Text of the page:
"When I'm on the court, I try to play with all my emotion and all my heart," Lin said. "I don't really try to hold too much back. My friends laugh at me ... but I just love the game. I love playing with this team and I love playing for this coach. It's just a lot of fun right now."
It's that attitude that makes Lin so special -- and what makes him so different.
It's not all about him. In fact, it's not about him at all. He's the anti-Kobe. He takes what he's given and plays his role, and he does it magnificently. And that's just what a team full of superstars like the Knicks needs.
"He's a good guy, it's all about the team," D'Antoni said. "His defense is good, his energy is good, his personality rubs off on everybody. ... It's becoming a love fest. It's getting a little sappy. When you're good people and you play the game the right way and you play hard, you start to feel something in your heart. When you do that, anything's possible."
The way the Knicks are playing, it's almost easy to forget that they're playing without their two best players, in Anthony and Amar'e Stoudemire. Anthony was out with a groin injury while Stoudemire was mourning the recent loss of his brother.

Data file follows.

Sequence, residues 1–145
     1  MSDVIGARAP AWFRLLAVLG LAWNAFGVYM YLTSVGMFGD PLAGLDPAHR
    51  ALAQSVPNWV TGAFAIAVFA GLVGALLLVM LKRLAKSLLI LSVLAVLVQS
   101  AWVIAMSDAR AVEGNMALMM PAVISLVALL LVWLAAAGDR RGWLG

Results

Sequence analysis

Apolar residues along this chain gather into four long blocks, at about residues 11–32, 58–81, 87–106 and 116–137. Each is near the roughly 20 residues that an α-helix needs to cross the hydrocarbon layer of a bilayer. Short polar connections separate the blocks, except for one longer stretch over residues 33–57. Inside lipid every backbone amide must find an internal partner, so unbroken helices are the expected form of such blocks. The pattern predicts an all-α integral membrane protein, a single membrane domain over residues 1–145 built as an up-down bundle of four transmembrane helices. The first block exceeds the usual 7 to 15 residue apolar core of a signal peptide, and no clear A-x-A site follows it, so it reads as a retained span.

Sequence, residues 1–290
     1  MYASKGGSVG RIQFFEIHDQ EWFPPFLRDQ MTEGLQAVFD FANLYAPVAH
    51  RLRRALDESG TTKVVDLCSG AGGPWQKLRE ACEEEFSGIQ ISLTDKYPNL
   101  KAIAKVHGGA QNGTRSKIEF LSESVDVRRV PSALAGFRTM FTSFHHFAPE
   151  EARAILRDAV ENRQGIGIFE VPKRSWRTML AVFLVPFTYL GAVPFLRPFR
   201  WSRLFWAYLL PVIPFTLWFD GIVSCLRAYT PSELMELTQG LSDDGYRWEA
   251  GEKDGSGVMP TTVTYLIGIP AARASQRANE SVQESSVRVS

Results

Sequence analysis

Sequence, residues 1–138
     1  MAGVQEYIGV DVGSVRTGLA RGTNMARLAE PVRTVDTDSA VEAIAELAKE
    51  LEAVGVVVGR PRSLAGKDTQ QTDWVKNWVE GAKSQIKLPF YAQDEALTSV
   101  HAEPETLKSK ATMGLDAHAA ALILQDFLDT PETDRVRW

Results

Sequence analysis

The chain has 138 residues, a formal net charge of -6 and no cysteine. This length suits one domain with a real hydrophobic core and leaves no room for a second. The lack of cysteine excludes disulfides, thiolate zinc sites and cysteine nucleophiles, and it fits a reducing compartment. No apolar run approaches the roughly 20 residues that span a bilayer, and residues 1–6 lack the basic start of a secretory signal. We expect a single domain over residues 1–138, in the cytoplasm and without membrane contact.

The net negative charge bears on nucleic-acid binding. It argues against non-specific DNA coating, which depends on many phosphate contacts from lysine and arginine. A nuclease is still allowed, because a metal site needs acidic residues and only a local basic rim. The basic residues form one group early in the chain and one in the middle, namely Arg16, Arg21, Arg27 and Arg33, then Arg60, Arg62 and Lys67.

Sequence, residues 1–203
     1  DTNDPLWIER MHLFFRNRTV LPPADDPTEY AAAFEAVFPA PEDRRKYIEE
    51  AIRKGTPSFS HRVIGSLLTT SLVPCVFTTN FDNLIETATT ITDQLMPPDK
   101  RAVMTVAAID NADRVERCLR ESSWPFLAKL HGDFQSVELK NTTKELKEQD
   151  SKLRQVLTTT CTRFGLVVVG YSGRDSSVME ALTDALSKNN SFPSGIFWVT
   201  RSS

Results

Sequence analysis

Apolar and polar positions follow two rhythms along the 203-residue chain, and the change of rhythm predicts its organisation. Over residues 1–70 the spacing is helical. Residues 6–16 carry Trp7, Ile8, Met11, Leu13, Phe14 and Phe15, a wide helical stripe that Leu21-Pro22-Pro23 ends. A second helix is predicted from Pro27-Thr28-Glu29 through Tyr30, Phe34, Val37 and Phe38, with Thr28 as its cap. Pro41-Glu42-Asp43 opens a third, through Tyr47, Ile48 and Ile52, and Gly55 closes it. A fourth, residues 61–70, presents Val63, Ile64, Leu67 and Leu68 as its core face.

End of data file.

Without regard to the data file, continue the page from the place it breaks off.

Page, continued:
In fact, Lin's play and the team's chemistry in their absence have some wondering whether their return will throw off the delicate balance the Knicks have achieved.
But D'Antoni doesn't seem too concerned about what the future holds for his team, and he only expects Lin's emergence as a reliable point guard to help his team maintain its recent success.
"A lot of things got out of whack because we were trying to cover that position when we lost Chauncey (Billups)," D'Antoni said. "I'm excited about getting those two guys back and I'm excited about the possibilities and where we can go. We should only get better from here."
Lin has the Knicks rolling, and through it all -- through the whirlwind week that changed his life forever -- he remained humble. Too humble, really. After Friday's game -- after he one-upped Kobe, after he put the team on his back -- all Lin wanted to do was deflect praise to his coach and his teammates.
Thankfully, his teammates were more than willing to do the talking for him.
"As a team, he lifts us up," Knicks forward Jared Jeffries said. "It is weird for a guy to come in and be a team leader who has bounced around like he has. He has inspired us to play harder because he gives it his all every day."
Added center Tyson Chandler: "I think he's taken us all by surprise. Not only us, but the league right now. It's contagious. You have to love a kid like that."
That's unusually high praise for an overnight superstar who, two weeks ago, was making waves in the D-League. But then again, Lin isn't your everyday D-Leaguer.
"It's a once-in-a-lifetime thing," D'Antoni said of his newest star's emergence. "I've never seen it. ... To go unnoticed for that long, that's hard to do."
Fortunately for Lin, his days of going unnoticed are over for good. Just ask Kobe.